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Psychology 1000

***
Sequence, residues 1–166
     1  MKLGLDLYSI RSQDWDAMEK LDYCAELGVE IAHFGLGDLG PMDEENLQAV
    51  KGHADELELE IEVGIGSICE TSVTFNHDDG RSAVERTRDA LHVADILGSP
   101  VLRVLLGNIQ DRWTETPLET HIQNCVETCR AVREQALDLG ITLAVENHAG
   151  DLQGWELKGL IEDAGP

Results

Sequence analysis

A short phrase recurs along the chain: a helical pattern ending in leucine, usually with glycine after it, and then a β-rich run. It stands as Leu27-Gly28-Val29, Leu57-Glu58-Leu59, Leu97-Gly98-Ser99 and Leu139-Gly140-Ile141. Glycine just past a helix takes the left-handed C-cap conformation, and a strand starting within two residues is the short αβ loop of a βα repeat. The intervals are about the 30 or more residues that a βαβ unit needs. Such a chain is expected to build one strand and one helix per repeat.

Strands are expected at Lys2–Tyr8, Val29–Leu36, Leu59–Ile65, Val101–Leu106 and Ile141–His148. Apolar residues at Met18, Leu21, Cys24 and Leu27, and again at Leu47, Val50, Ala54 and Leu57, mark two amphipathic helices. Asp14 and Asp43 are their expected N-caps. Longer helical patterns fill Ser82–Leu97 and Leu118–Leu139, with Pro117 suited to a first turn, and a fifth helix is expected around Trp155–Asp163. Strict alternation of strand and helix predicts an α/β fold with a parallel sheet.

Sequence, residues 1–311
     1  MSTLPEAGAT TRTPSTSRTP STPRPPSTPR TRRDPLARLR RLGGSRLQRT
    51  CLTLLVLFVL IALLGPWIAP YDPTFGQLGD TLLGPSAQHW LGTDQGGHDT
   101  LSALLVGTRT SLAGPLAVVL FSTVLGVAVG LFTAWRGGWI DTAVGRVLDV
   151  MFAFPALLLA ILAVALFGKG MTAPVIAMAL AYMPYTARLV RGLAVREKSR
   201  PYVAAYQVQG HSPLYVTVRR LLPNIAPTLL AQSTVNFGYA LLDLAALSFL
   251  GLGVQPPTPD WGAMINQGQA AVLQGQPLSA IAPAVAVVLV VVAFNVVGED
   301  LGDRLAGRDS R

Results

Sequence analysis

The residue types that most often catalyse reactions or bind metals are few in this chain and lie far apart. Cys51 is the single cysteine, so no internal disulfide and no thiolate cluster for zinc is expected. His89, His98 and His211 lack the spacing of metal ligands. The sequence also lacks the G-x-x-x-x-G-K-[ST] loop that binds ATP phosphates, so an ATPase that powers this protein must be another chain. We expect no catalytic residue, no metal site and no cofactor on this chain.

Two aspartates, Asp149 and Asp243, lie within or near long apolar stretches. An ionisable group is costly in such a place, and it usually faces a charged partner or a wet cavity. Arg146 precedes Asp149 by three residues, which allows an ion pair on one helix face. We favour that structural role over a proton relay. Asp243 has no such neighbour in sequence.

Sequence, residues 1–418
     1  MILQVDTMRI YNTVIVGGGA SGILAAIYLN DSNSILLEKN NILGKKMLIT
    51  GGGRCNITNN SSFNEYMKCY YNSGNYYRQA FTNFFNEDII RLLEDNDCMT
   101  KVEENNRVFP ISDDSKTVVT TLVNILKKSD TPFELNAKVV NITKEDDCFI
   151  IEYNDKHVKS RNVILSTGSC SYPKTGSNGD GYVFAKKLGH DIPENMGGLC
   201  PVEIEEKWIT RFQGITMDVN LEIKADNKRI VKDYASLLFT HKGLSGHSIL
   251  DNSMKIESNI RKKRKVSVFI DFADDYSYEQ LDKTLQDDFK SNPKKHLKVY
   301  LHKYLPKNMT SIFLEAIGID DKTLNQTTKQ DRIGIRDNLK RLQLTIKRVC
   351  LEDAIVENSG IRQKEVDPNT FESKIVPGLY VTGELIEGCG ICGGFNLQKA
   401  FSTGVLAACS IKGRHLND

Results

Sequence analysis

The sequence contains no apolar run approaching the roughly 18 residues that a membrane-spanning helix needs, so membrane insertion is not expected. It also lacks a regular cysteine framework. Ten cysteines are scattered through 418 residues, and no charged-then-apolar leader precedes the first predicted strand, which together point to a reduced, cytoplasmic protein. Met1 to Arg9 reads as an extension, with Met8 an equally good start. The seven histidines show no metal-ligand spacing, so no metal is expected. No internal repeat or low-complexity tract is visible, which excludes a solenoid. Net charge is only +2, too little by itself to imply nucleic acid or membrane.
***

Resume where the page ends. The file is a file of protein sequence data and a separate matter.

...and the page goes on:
Psychology Chapter 1: Psychology: the Science of Behavior THE NATURE OF PSYCHOLOGY Psychology: the scientific study of behavior and the mind Behavior refers to actions and responses that we can directly observe Mind refers to internal states and processes that cannot be seen directly and that must be inferred from observable, measureable responses Subfields of Psychology i. Clinical psychology: the study and treatment of mental disorders ii. Cognitive psychology: the study of mental processes, especially from a model that views the mind as an information processor. Examine consciousness, attention, memory, decision making and problem solving iii. Biopsychology: focuses on the biological underpinnings of behavior. Examine how the brain processes, genes and hormones influence our actions, thoughts and feelings. iv. Developmental psychology: examines human physical, psychological, and social development across the lifespan. Some explore the emotional world of infants while others study how different parenting styles affect children v. Experimental psychology: focuses on such basic processes as learning, sensory systems, perception, and motivational states. Most of this subfield involves laboratory experiments, often with nonhuman animals vi. Industrial-organizational (I/O) psychology: examines people’s behavior in the workplace. They study leadership, work motivation, and performance vii. Personality psychology: focuses on the study of human personality viii. Social psychology: examines people’s thoughts, feelings, and behavior pertaining to the social world: the world of other people Science is a process that involves systematically gathering and evaluating empirical evidence to answer questions and test beliefs about the natural world Empirical evidence is evidence gained through experience and observation, and this involves manipulating and playing around with things and then observing what happens Understanding Behavior: Some Pitfalls of Everyday Approaches  We often take mental shortcuts (example: judging a person based on stereotypes)  We may fail to consider alternative explanations for why a behavior has occurred and assume one factor caused it, when really it was another  We tend to display a confirmation bias by only paying attention to information that is consistent with our beliefs and ignoring information that is inconsistent with them Psychology  By adopting a scientific approach, psychologists can take concrete steps to avoid, or at least minimize, biases and problems that can lead to inaccurate conclusions  To avoid seeing correlations that don’t exists, psychologists use statistics to analyze their data  They also examine behavior under highly controlled experimental conditions where they intentionally manipulate one factor, try to keep other factors constant, and see how the manipulated factor influences behavior  They also publish their findings so they may be scrutinized and retested by others  In principle, science ultimately is a self-correcting process Critical Thinking  Involves taking an active role in understanding the world around you rather than merely receiving information  Ask these questions when trying to see if something is “fact”: o What, exactly, is the claim or assertion o Who is making the claim? Is the source credible or trustworthy? o What’s the evidence and how good is it? o Are other explanations possible? Can I evaluate them? o What is the most appropriate conclusion?  Pseudoscience is a field that is dressed up to look like science and it attracts many believers despite its lack of credible scientific evidence Psychology’s Goals 1. to describe how people and other animals behave 2. to explain and understand the causes of these behaviors 3. to predict how people and animals will behave under certain conditions 4. to influence or control behavior through knowledge and control of its causes to enhance human welfare If we understand the causes of behavior and know when the causal factors are present or absent, then we should be able to successfully predict when the behavior will occur. Moreover, if we can control the causes, then we should be able to control the behavior Psychology as a Basic and Applied Science Basic research  The quest for knowledge purely for its own sake  Goals: to describe how people behave and to identify the factors that influence or cause a particular type of behavior Applied research Psychology  Designed to solve specific practical problems  Uses principles discovered through basic research to solve practical problems Psychology’s Broad Scope: A Simple Framework Levels of analysis  Behavior and its causes can be examined at the biological level, the psychological level, and the environmental level  Addresses an issue that has been debated since antiquity: o Is our behavior shaped by nature (our biological endowment) or nurture (our environment and learning history)? o Both nature AND nurture AND psychological factors must be taken into account to gain the fullest understanding of behavior Mind-body interactions—the relations between mental processes in the brain and the functioning of other bodily systems; focuses our attention on the fascinating interplay between psychological and biological analysis PERSPECTIVES ON BEHAVIOUR Mind-body dualism: the belief that the mind is a spiritual entity not subject to physical laws that govern the body René Descartes (1596-1650)  French philosopher and scientist  Proposed that the mind and body interact through the brain’s tiny pineal gland  Placed the mind within the brain but maintained that the mind was a spiritual, nonmaterial entity Dualism implies that no amount of research on the physical body (including the brain) could ever hope to unravel the mysteries of the nonphysical mind Thomas Hobbes (1588-1679)  English philosopher  Monist  Advocated that mental events correspond to physical events in the brain Monism holds that mind and body are one and that the mind is not a separate spiritual entity Monism helped set the stage for psychology because it implied that the mind could be studied by measuring physical processes in the brain John Locke (1632-1704)  Empiricist Psychology British empiricism held that all ideas and knowledge are gained empirically- through the senses  According to empiricists, observation is a more valid approach to knowledge than pure reason, because reason is fraught the potential for error  Developed modern science  Said: at birth the human mind is a tabula rasa—a “blank tablet” or “slate”—upon which experiences are written Psychophysics: the study of how psychologically experienced sensations depend on the characteristics of physical stimuli Charles Darwin (1809-1882)  Theory of evolution  Was attacked because his theories went against philosophical and religious beliefs  Evolution implied that the mind was not a spiritual entity, but rather the predict of biological continuity between humans and other species  Implied that scientists might gain insight about human behavior by studying other species Wilhelm Wundt (1832-1920)  Established the 1 experimental psychology laboratory in Germany st  There he helped train the 1 generation of scientific psychologists  Believed that the mind could be studied by breaking it down into its basic components, their approach became structuralism Structuralism is there analysis of the mind in terms of its basic elements  Used the method of introspection (looking within) to study sensations, which they considered the basic elements of consciousness  Gave way to functionalism Functionalism, held that psychology should study the functions of consciousness rather than its structure William James (1842-1910)  A leader in the functionalist movement  Helped widen the scope of psychology to include the study of various biological and mental processes, and overt behavior Mary Whiton Calkins (1863-1930)  First female president of